Today, the Walker Academy launched its latest online course: Learning to Co-Produce (L2CP). The three-month course, for post-graduate meteorological students and others studying related subjects (such as hydro-met and agri-met), aims to strengthen the ability of scientists to engage with decision-makers and people on the ground.
The Walker Academy – the capacity building arm of the Walker Institute – has previously run training courses on a wide range of topics, including social protection and household economy analysis. L2CP is the Academy’s largest course so far, with over 100 students from 11 institutions across East and West Africa, and the UK. The course, funded by the SHEAR programme, has been developed by a team of experts from the UK, Kenya, Ghana, Senegal and Nigeria using knowledge gained during the implementation of numerous, real-world development projects.
“In training meteorologists and climate scientists, learning institutions have not focused on empowering scientists on their interaction with users and stakeholders,” explained Emmah Mwangi, co-creator of the course and acting climate research manager at the International Center for Humanitarian Affairs, Kenya Red Cross Society. "The course will go a long way in improving interaction between climate scientists and stakeholders as well as improving the production of tailored climate services.”
L2CP is made up of ten modules, which cover:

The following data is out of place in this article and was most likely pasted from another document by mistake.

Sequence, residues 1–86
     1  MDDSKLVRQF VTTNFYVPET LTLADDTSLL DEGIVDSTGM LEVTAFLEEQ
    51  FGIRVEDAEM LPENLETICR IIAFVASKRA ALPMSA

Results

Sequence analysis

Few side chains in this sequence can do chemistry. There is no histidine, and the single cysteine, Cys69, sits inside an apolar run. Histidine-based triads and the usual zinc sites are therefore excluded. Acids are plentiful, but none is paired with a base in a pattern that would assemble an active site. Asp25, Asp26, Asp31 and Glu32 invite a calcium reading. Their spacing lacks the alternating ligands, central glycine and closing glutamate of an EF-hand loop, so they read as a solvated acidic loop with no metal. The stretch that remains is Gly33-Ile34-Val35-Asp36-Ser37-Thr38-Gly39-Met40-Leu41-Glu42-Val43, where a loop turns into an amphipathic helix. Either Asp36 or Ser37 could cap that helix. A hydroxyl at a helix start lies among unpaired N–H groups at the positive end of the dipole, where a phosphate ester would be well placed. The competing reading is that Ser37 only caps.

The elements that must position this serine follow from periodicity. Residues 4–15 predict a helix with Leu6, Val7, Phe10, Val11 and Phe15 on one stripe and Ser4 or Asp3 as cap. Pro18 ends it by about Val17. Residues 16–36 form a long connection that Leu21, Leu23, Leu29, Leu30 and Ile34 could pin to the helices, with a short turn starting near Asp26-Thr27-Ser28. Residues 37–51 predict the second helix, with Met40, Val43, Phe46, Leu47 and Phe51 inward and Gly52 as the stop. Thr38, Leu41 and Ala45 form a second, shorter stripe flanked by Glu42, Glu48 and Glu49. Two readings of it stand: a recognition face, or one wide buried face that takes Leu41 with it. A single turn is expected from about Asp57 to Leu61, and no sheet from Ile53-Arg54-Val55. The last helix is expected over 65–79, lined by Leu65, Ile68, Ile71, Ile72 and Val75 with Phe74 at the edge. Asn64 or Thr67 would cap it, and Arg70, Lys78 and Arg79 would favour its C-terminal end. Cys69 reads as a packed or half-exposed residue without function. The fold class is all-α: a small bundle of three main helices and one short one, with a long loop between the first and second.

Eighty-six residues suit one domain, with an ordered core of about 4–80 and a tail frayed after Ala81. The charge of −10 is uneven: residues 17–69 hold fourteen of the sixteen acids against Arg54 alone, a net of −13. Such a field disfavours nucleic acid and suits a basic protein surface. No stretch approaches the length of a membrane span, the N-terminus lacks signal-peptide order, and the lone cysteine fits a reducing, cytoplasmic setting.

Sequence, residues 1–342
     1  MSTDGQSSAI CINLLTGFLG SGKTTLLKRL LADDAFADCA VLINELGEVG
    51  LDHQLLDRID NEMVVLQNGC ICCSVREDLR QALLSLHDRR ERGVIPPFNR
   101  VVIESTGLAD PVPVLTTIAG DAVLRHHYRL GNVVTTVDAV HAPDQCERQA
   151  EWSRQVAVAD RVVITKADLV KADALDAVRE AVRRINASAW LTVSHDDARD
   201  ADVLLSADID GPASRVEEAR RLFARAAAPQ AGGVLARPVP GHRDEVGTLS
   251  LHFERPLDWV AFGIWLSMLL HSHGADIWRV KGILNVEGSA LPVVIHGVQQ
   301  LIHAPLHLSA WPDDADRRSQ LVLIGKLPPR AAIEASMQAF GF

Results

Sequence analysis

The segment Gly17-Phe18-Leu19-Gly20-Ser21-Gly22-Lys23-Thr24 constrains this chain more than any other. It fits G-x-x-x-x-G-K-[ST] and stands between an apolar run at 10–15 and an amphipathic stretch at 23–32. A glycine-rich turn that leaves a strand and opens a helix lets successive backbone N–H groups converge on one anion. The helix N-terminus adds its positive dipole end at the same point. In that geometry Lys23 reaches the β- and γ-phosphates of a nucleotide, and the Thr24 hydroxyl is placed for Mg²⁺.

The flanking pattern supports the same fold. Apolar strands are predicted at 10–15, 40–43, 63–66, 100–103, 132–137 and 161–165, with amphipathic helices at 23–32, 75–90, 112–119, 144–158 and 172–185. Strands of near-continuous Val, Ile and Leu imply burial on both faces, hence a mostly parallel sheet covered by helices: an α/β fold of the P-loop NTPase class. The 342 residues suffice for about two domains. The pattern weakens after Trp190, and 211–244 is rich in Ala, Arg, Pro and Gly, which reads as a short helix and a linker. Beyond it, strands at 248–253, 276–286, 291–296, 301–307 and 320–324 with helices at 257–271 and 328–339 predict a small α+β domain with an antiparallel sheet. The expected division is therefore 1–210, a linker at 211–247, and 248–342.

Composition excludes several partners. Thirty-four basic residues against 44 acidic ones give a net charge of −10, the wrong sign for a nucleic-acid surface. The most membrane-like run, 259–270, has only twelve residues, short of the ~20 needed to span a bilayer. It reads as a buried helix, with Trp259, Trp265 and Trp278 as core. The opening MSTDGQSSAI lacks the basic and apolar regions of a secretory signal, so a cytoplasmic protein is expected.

The course brings together theory and practice. Each module contains practical exercises and is brought to life with case studies, films, animations and links to resources for in-depth follow-up. The entire course can be undertaken remotely. Each module takes around an hour, with follow-up assignments undertaken individually or in small groups. Each block of modules is followed by a live session where the L2CP team and course convenors provide feedback on assignments.
“This course comes at the right time, when demand for customised climate services has increased,” explained Ousmane Ndiaye, another of the course co-creators and director of meteorological operations at ANACIM in Senegal. “This requires both parties – provider and user of climate services – to work together in order to come up with the right products.”
Lead co-creator of L2CP, Emma Visman, explained the issues often faced when trying to provide climate services: “Uptake and use of forecasts remains limited due to a wide range of issues…decision-makers find the forecasts to be too technical, provided through inappropriate channels or at inappropriate times, or lacking relevance to their specific information requirements. Drawing on experiences from a wide range of projects and initiatives across East and West Africa, L2CP seeks to share emerging learning about approaches that have shown to be effective in co-developing, with specific user groups.”
The Learning to Co-Produce course is live on the Walker Academy’s website now.